In a recent decision, Corcamore, LLC v. SFM, LLC, 978 F.3d 1298 (Fed. Cir. 2020), the Court of Appeals for the Federal Circuit clarified the standard for maintaining a petition to cancel a trademark registration under §1064 of the Lanham Act. The Federal Circuit noted that while these questions are often framed as questions of “standing,” they are “more appropriately viewed as requirements for establishing a statutory cause of action.” Id. at 1303.
In this case, the petitioner (SFM) owns a federal registration for SPROUTS for grocery store services, while the respondent (Corcamore) owned a federal trademark registration for SPROUT for use with vending machine services. In bringing its cancellation petition, SFM claimed that its rights were superior because of its purportedly earlier usage of the SPROUTS mark, and it further alleged that Corcamore’s SPROUT mark was injurious because it was “likely to cause confusion or mistake, or to deceive the purchasing public.”
Corcamore moved to dismiss, arguing that SFM lacked standing under the framework set forth in the Supreme Court’s decision in Lexmark International, Inc. v. Static Control Components, Inc., 572 U.S. 118 (2014). In Lexmark, the Supreme Court had established two requirements for determining whether a party is entitled to bring a statutory cause of action: a party must establish (i) an interest falling within the zone of interests protected by the statute and (ii) proximate causation. 572 U.S. at 129-34. But the Trademark Trial and Appeal Board (TTAB) determined that Lexmark was inapplicable, reasoning that Lexmark was limited to civil actions involving false designation of origin, or false advertising, claims under 15 USC §1125(a). The TTAB instead relied on the analysis adopted by the Federal Circuit in Empresa Cubana del Tabaco v. General Cigar Co., 753 F.3d 1270 (Fed. Cir. 2014), which requires a TTAB petitioner under §1064 to plead “a real interest in the proceedings” and a “reasonable basis for its belief of damage.” Empresa Cubana, 753 F.3d 1270, 1275 (quotation marks and internal citations removed).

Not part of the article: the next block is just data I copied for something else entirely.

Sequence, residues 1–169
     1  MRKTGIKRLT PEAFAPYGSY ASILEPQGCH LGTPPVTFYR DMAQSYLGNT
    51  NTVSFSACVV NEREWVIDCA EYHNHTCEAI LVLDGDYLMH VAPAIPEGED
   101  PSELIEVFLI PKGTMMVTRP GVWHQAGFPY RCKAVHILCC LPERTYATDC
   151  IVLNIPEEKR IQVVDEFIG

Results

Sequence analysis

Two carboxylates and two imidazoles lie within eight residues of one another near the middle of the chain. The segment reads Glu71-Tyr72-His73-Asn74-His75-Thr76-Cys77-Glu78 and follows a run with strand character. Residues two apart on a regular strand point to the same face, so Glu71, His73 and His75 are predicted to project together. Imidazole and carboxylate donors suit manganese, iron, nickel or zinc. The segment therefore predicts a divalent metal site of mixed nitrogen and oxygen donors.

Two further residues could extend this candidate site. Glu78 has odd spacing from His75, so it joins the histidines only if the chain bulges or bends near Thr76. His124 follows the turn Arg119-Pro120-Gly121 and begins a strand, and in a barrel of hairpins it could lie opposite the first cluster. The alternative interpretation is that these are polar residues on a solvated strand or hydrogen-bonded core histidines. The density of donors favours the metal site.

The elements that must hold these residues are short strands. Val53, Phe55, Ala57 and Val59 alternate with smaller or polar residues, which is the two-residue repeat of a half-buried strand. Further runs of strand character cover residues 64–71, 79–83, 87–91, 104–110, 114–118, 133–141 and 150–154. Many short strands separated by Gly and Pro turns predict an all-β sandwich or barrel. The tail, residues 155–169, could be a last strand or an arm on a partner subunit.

On appeal, the Federal Circuit clarified that Lexmark is indeed applicable in TTAB cancellation proceedings because §1064 is a statutory cause of action, and the zone-of-interests requirement “applies to all statutorily created causes of action” and “unless it is expressly negated.” Corcamore, 978 F.3d at 1305. Notwithstanding that the TTAB failed to apply Lexmark, the court found that this was harmless error: the court found that the Lexmark “zone-of-interests requirement and the [Empresa Cubana] real-interest requirement share a similar purpose and application,” concluding that there was “no meaningful, substantive difference in the analysis used in Lexmark and Empresa Cubana.” Id. Put another way, “a party that demonstrates a real interest in cancelling a trademark under §1064 has demonstrated an interest falling within the zone of interests protected by §1064.” Id. at 1306. While the TTAB should have applied Lexmark, the outcome remains the same under either framework: SFM met the statutory requirements to challenge Corcamore’s registered mark.
 The Federal Circuit also affirmed the TTAB’s discovery sanctions against Corcamore.